can be used in order to exempt from liabilities of the violating parties, but it
also depends on the intention of the legislator behind that statute.
In Herrington and Carmichael v The Trustee
, the case which dealt with the
defense of good faith by creditor on preferential payments, Russel J held that:
good faith requires more than personal honesty, it required an acknowledgment
of the creditor that the action would also not amount to such preferential
payment. Therefore, the type of relationship that the statute creates also
becomes an important factum to derive the threshold with the regards to the
applicability of the good faith defense.
In article 88 of the DPB, 2019, the second part of the section also
includes the defense, intended to do under the act
which also can be a
corollary to the good faith principle. In Mahesh Kumar Agarwal v State of Madhya
, the plaintiff filed a case against the Municipal Council for
non-performance of sending a notice prior to an anti-encroachment drive. In this
case, the respondents used section 318 under the Municipalities Act, 1961 which
exempted the Municipal Council for any act done in good faith or intended to be
performed in pursuant of the said act. The court held that, the use of words
intended to be done under this Act
is of paramount importance.
If a person has intention of performing any duty under the Act, then he would be
covered under this phrase. The intention can be gathered from the surrounding
circumstances and the conduct of the parties. In the present case, even
according to the plaintiffs when a notice was given to the Municipal Council,
then it was specifically replied that, a notice was given to the plaintiffs for
removal of encroachment. Only when the plaintiffs did not remove the
encroachment, then anti-encroachment drive was undertaken.
Therefore, in this case, the court still emphasized that it was important for
the Municipal Council to act in accordance with the statute, however, if because
of any externalities, the act could not be duly performed would still exempt the
council from any suit against such inaction.
However, this wouldn't be an
inference to state that any negligence on the account of the party to which the
duty was owed would also be exempted from such action. It's important to
understand that, the requirement for due diligence under the Data Protection
Bill would be read with the exemption of intention to perform an act under the
said clause. Furthermore, in this said clause, the second half should not be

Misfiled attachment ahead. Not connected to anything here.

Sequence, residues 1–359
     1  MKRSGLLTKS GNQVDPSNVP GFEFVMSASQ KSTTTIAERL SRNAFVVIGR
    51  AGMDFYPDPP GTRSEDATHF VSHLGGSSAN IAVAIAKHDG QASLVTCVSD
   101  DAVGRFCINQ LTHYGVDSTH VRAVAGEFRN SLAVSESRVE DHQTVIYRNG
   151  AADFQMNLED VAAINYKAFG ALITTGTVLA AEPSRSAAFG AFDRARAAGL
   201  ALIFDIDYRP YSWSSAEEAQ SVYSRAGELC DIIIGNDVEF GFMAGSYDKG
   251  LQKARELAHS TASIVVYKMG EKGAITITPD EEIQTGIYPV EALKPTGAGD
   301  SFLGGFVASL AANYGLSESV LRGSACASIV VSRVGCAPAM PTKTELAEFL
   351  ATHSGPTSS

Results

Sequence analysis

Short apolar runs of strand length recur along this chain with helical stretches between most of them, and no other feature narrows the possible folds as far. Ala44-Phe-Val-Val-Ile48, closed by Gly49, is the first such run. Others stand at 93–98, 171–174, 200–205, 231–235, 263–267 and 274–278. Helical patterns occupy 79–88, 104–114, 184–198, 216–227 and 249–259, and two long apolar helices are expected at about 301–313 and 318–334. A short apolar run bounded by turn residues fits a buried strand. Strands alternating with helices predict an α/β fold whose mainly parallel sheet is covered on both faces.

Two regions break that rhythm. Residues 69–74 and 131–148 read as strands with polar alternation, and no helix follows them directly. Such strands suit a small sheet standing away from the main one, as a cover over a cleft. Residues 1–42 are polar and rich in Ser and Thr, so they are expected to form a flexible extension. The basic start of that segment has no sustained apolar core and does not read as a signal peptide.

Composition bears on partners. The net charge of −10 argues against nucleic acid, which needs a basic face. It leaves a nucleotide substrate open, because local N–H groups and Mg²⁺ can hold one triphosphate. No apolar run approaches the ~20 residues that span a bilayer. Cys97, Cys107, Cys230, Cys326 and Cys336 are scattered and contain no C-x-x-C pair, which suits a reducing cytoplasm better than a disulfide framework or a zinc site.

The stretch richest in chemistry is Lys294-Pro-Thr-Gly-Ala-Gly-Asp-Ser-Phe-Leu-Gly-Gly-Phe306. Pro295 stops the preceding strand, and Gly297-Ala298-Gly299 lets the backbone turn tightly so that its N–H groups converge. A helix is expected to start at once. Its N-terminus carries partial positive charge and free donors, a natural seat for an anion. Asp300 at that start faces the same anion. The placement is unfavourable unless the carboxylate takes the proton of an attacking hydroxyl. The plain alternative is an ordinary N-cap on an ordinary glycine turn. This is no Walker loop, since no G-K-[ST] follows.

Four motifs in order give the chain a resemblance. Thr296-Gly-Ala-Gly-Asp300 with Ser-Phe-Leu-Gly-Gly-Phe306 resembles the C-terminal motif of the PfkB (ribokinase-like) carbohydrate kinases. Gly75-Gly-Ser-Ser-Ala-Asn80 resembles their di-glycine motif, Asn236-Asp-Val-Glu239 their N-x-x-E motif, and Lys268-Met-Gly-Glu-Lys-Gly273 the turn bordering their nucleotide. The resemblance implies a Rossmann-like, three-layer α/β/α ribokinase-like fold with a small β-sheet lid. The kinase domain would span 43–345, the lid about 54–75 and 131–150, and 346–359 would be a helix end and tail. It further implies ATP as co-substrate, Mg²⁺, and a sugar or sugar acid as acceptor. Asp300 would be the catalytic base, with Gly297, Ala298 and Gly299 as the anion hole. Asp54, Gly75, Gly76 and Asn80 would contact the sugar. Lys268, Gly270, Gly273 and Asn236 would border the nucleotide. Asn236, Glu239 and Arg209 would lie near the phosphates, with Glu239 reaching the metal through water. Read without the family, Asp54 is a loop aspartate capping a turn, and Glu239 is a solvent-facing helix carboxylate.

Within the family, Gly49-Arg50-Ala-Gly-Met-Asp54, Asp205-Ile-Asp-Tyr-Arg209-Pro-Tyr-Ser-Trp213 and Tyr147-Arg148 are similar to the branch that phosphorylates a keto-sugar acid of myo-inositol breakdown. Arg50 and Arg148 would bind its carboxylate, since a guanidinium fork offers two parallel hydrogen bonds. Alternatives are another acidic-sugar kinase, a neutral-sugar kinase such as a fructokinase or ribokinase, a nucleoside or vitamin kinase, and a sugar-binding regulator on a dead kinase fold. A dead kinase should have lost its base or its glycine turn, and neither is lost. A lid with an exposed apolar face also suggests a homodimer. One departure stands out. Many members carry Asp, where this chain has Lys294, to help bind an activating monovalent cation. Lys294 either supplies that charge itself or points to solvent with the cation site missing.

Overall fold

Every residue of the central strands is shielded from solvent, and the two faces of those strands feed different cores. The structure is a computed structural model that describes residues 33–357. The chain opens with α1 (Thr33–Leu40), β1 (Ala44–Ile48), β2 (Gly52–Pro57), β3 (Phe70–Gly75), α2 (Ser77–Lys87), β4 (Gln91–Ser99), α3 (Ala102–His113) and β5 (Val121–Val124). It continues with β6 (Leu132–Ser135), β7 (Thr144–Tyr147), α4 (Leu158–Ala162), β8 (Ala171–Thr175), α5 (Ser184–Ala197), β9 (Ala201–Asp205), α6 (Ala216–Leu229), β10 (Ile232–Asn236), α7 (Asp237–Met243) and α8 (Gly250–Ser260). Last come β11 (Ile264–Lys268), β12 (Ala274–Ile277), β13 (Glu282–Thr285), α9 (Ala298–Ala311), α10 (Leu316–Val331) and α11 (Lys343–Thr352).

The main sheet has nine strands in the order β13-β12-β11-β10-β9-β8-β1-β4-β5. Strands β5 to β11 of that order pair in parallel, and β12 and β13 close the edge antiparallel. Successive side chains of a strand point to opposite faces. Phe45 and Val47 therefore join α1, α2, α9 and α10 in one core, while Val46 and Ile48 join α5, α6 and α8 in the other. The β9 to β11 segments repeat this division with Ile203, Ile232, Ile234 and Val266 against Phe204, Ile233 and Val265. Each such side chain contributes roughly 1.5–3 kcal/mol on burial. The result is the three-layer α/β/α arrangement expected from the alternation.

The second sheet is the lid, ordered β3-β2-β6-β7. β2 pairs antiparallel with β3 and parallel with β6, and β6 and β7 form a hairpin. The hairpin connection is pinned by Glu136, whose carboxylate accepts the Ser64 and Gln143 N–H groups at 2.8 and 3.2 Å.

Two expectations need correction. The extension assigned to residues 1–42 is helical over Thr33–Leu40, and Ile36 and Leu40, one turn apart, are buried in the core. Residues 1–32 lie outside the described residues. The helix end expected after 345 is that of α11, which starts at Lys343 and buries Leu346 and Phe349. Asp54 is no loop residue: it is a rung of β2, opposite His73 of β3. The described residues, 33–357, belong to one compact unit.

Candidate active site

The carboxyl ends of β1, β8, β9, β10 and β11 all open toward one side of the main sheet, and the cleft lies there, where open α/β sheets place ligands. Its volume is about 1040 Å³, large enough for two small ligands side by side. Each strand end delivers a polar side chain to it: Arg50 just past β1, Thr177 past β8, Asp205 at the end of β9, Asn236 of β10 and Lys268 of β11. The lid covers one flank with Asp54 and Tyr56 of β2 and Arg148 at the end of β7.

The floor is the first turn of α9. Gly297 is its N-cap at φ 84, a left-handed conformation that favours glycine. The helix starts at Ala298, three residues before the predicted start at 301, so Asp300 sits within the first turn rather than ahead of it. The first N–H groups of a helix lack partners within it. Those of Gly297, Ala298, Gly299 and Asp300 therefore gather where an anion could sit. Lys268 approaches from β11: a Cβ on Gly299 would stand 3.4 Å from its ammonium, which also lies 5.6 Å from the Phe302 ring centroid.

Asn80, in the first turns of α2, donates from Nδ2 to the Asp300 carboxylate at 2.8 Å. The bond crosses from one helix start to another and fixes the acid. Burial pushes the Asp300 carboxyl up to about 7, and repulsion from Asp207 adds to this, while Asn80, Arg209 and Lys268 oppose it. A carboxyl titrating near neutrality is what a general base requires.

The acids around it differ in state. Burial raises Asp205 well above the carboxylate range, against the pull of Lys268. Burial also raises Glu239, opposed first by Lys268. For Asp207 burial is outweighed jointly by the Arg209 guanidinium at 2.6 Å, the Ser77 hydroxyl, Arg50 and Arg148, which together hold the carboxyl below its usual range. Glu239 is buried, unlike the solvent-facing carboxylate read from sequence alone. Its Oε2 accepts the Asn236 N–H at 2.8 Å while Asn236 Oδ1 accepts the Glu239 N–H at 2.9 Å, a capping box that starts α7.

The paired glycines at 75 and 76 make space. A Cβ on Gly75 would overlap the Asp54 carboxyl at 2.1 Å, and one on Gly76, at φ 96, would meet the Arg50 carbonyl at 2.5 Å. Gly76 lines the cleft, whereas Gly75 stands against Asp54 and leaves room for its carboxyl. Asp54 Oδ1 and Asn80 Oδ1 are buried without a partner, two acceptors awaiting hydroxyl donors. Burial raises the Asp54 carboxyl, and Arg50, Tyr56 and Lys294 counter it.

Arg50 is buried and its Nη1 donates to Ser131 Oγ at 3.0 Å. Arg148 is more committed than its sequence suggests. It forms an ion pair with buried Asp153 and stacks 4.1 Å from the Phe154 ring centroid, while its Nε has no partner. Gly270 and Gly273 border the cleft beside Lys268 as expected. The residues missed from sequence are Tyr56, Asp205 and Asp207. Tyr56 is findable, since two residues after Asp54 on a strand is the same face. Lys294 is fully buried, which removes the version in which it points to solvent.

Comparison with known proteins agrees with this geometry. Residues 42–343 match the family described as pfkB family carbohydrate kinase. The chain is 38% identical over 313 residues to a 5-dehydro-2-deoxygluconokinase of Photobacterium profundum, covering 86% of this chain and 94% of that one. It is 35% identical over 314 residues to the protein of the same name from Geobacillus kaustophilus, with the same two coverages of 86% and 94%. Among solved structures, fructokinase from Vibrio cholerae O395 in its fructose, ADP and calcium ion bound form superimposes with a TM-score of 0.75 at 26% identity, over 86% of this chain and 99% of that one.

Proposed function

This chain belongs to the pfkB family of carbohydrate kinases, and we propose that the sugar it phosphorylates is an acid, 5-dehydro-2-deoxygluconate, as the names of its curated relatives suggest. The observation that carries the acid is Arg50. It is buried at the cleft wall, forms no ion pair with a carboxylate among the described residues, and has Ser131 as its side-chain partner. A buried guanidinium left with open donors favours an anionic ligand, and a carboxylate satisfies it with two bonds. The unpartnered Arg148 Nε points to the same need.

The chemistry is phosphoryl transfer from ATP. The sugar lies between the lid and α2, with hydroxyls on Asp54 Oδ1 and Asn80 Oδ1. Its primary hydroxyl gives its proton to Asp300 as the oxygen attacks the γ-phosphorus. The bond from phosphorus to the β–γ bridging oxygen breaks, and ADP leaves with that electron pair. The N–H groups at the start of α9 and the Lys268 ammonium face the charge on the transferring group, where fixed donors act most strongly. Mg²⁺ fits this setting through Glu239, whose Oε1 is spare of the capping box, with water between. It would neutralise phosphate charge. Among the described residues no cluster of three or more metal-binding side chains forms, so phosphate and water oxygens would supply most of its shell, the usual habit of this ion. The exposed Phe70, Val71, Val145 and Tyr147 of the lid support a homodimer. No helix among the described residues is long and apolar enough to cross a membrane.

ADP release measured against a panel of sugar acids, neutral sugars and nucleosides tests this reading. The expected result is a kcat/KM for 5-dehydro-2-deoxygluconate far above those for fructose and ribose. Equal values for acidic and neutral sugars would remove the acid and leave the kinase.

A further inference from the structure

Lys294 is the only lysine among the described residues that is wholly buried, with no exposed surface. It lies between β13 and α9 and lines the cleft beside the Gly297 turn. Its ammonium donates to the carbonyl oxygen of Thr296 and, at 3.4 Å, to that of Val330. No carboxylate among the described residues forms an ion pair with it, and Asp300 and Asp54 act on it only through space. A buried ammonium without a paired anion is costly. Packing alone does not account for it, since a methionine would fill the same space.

read independently without concluding that the action was done in good faith.
In Municipal Corporation of Hyderabad v T.V. Sarma,
the court held that:
It is settled law that the word or can be read as and
and the word
and can be read as or where it is necessary to do so in order to give effect
to the intention of the legislature. Therefore, any action intended to be
performed with accordance with the said statute would be presumed that it was
performed with due diligence and good faith, since it's necessary to achieve the
objective and purpose of the act.
Therefore, we can conclude on this note that, the term Good faith by Indian
jurisdictions have provided as a defense, notwithstanding the fact that it
should be honest, and not negligent conduct of the individual in question. The
Personal Data Protection Bill, 2019 would have similar analogous interpretations
of the said Article, which would further enforce much more preservation and
shield to a Data principal's privacy with respect to the Data Fiduciary.
- Article 12, UNHCR.
- Article 21, Constitution of India.
- K.S. Puttuswamy v Union of India.
- Article 88, Personal Data Protection Bill, 2019
- Section 2(h), Limitation Act, 1963.
- Jitender Kumar Gupta v Sukhbir Singh Saini.
- Sarah Margaret Richards v. Secretary of State for Work and Pensions.
- General Clauses Act, 1897.
- Maung Aung Pu v Maung Si Maung.
- Indian Penal Code, 1860.
- Blackstone Dictionary.
- Central Board of Secondary Education v Aditya Bandyopadhyay.
- Harjeet Singh v DM (North).
- Swift Knit Pvt Ltd v ITO.
- Central Estates Ltd v Woolgar.
- Herrington and Carmichael v The Trustee.
- Mahesh Kumar Agarwal v State of Madya Pradesh.
- Municipal Corporation of Hyderabad v T.V. Sarma.